Size of Project
Number of Units
New Orleans, LA
New Construction, Historic Renovation
Hartshorne Plunkard Architecture
Writing the next chapter.
Every building has a story to tell, and by actualizing our client’s vision, RNGD writes that next chapter. After the Louisiana Children’s Museum relocated from its longtime Julia Street residence, AJ Capital, a Nashville-based firm, acquired the property with plans to transform the location into a new residential and hospitality offering called Memoir. AJ Capital engaged RNGD as the Lead Contractor and Design-Build partner for the project’s MEP components. The vision for the project would see the former museum’s storied arches and shutter-lined structure connect harmoniously with the new construction of a five-story structure, holding 43 hotel rooms on the second floor and 70 residential apartment units on the remaining upper floors. The historic building’s first floor, which once housed the museum, would remain largely intact while it undergoes a sophisticated 20,000-square-foot transformation into Common House, a modern social club. The project also includes amenities such as a rooftop bar, pool and deck area, large gym, and courtyard. As specialists in marrying contemporary concepts with historic buildings, RNGD was well-equipped to guide this building into its next evolution.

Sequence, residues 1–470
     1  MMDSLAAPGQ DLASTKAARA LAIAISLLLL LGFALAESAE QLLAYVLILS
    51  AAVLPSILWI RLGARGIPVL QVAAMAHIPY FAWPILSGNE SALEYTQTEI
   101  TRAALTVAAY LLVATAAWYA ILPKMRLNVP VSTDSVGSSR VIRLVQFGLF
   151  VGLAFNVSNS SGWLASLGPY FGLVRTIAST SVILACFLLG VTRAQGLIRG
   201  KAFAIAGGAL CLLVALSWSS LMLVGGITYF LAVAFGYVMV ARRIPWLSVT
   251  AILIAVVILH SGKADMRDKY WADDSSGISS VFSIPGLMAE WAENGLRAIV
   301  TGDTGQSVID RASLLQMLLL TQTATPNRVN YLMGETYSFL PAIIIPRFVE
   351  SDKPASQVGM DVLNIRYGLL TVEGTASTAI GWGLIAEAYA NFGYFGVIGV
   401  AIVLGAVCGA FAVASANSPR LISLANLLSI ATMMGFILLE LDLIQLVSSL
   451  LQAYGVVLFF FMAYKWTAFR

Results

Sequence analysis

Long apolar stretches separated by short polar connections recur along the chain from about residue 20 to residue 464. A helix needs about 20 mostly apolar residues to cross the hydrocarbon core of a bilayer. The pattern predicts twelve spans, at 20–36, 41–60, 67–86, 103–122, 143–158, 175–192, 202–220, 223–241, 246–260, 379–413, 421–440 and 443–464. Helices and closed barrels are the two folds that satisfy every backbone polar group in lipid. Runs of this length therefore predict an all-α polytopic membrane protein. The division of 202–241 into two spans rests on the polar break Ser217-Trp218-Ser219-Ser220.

Etched into the minds of all adults and children who found inspiration within the former museum are the iconic arched entrances facing Julia and Constance Streets. Fortunately, the historic aesthetic would be retained in the exterior. The interior, however, would need to be stripped down to its bare bones, and deconstructing 60% of a building within tight confines is no small feat. Our team meticulously crafted a demolition plan with a carefully considered cut line to clear the building for its next phase. As we cautiously pulled down portions of the structure, the team paid close attention to the interlinked wood supports and brick walls, ensuring a safe and delicate process. The building’s floors revealed their rich history through high points, low points, and layers of decking. To create a uniform elevation and cohesively integrate the new concrete with the old wood, a strip of metal decking with structural steel was installed, poured with concrete, and then topped with gypcrete to create a seamless monolithic floor. Every historic building holds its share of surprises, but with careful planning and talented problem solvers, it becomes just another day on site.